When choosing a pool table, there are several questions that you must first answer for yourself. These questions are geared to several different categories. The first thing that you must determine is what size table you wish to purchase. Sometimes, this will be decided by your room dimensions, and other times it may be decided by the intended use of your table. Although pool tables are commonly referred to as 4 x 8′ or 4 1/2 x 9′, the table itself will not measure those dimensions. Tables come in four different sizes;
3 1/2 x 7′
4 x 8′
4 x 8′ oversized
4 Y2 X 9′
|actual playing surface
39″ x 78″
44″ x 88″
46″ x 92″
50″ x 100″
52″ x 91″
59″ x 105″
63″ x 113″
When deciding what size table to buy, most people will incorrectly want to know the outside measurements of the pool table. While there is nothing wrong with having this information, it is more important to consider the playing surface measurements.
The reason for this is that the ball will never travel beyond this perimeter; therefore, your shots always come from within those dimensions. You then allow room around the playing surface for cue stick clearance. If you have room for your cue sticks, you will have plenty of room to walk and move around your new pool table.
For the kids to use? If you are buying the table mainly to entertain the kids, then the styling may not be as important as the quality. For the adults to use? If mainly the adults will use the table, then you may want the largest size available to you along with the fancier styling.
As a piece of furniture for the home? If you are buying the table as a piece of furniture for your home, then obviously, you will want to get the most attractive table that your budget will allow. Your answer may actually be a combination of all three. That is OK; tailor your table to your own desires.
Slate can come in either a 1- piece section or a 3-piece set. 1-piece slate is very cumbersome and difficult to level because it covers such a large expanse of space. It is generally only 12″ in thickness and does not have any guarantees concerning the level. The most common place that 1 piece slate can be found is on coin operated, or very inexpensive tables.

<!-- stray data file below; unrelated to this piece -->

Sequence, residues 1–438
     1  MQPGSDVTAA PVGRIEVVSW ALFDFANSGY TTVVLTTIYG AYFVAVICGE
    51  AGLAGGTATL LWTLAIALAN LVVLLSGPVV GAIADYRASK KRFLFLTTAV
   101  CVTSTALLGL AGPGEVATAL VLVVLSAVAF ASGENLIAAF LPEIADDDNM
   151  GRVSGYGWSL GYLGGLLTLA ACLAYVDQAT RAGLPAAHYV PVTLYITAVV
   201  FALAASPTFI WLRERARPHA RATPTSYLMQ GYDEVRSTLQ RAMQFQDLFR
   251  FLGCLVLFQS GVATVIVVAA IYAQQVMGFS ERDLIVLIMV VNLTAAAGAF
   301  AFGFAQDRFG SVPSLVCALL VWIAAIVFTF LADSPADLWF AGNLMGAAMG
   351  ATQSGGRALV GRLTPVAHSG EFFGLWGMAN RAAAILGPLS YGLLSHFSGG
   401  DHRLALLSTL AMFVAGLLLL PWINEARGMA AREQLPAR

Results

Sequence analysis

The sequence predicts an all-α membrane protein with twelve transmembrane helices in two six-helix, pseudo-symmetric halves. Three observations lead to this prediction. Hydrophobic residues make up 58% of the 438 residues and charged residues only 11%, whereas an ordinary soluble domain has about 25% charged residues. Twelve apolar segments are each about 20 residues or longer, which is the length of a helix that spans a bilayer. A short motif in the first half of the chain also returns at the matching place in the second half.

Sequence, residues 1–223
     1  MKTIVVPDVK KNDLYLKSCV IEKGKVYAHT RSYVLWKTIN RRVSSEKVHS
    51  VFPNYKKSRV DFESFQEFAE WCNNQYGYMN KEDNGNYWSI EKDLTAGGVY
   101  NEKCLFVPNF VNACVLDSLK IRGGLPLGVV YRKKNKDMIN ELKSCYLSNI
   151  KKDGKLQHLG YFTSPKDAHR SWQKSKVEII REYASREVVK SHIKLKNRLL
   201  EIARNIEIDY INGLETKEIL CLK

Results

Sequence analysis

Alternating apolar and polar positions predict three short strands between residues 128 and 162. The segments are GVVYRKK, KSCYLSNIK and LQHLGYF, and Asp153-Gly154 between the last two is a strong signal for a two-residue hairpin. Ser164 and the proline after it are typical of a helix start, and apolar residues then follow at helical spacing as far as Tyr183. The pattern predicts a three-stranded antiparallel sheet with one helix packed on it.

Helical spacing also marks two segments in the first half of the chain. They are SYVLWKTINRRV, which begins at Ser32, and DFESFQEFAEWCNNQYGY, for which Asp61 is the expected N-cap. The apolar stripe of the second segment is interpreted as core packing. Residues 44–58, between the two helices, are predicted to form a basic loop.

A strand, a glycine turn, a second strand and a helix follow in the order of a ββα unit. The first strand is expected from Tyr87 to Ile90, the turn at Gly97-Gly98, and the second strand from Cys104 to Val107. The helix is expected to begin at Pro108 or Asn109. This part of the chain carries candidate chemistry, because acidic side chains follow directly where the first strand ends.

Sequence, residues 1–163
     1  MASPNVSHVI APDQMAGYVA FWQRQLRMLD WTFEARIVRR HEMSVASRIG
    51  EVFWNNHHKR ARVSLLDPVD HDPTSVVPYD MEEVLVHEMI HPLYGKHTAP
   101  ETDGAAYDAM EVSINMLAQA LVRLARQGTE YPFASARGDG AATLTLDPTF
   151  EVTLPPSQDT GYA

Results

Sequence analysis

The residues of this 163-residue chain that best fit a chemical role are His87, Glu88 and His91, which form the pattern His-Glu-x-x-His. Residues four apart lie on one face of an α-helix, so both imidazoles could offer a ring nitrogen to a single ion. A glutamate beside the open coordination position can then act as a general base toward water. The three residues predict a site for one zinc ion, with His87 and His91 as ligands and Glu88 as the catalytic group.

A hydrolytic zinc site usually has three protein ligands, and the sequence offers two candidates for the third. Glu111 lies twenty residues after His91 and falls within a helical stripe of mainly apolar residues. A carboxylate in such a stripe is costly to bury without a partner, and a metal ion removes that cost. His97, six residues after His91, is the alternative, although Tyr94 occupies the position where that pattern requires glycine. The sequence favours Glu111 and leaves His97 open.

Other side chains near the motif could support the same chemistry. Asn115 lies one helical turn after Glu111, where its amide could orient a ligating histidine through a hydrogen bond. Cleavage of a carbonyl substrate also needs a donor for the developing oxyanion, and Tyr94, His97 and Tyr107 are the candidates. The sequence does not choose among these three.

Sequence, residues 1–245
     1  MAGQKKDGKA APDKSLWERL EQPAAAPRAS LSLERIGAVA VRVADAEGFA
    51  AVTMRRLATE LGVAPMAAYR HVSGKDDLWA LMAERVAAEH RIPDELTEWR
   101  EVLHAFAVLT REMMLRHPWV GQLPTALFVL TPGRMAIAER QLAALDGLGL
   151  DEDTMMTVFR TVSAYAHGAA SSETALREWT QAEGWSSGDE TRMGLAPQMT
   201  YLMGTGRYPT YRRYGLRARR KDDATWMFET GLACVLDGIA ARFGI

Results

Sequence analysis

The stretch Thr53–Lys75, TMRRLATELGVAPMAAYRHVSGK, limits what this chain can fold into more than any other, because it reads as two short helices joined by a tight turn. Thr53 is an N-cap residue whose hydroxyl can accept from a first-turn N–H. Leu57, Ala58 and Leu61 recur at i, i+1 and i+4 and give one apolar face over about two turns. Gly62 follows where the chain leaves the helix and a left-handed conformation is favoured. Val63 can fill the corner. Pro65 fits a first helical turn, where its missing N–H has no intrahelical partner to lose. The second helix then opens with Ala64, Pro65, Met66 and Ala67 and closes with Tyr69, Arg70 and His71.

3-piece slate is the best type of slate because it allows for more precise leveling. With three different sections of slate, each can be leveled individually to achieve a perfect level. This, of course, will allow your table to play better. 3 piece slate is available in several different thickness including, 3/4″, 7/8″, and 1″.
This is one of the most important questions to ask about slate. The Billiard Congress of America (BCA) requires that the slate on tournament tables be 1″ thick and three pieces.
3/4″ slate, when in the 3 pc. configuration, is generally used to give the convenience of leveling and handling while keeping the cost of the table as low as possible. This slate is usually, but not always, used on less expensive tables.
7/8″ slate is often used as a substitute for true 1″ slate. It comes only in three pieces and it is hard for the untrained eye to tell the difference between 7/8″ and 1″. A table with this slate should be a little less expensive than a table with 1″ slate. This can also be a good indicator that a manufacturer is trying to save money on the construction of the table.
1″ thick slate is the only slate approved by the BCA for tournament use. It comes only in 3 pieces. It will provide the truest and most accurate play of any of the three slate thicknesses . It is the very best slate, as it is the only slate guaranteed by the slate mines not to warp. Although it is only slightly more expensive than 7/8″, it is 12.5% heavier in total weight. It is important to note that the weight of the table will have direct impact on how true a ball rolls and rebounds.
There are basically three types of pockets used in the industry today. Each is unique in the way that it mounts to the table. #6 and #3 pockets both have the pocket cover wrapped around a metal iron that forms the shape of the pocket. The #6 has pins that insert into the end of each rail. A bolt is then inserted from the underside of the rail to secure the pocket. The #3 has pins which usually flush mount to the top of the rail. Many antique tables have #3 pockets. Both of these style pockets are exposed to the eye when looking at the table. They actually form a joint, which connects the rails. Because of the shape of the iron, they will play better than other style pockets.
Enclosed pockets are the third type of pocket. It is totally enclosed within the rail system. The pocket is actually inserted within a cutout inside the rail. It is usually used on very inexpensive style tables, commercial style tables, or modem style tables. These pockets are generally made of plastic or rubber, but may be leather on more expensive tables.
You are about to make a major purchase. You should assume that the table you purchase would last the rest of your life. Take the time to compare tables from several different manufacturers and be sure that you are getting the best quality table that your budget will allow. Armed with a little knowledge, you should be able to ask the right questions and make the best choice for yourself.
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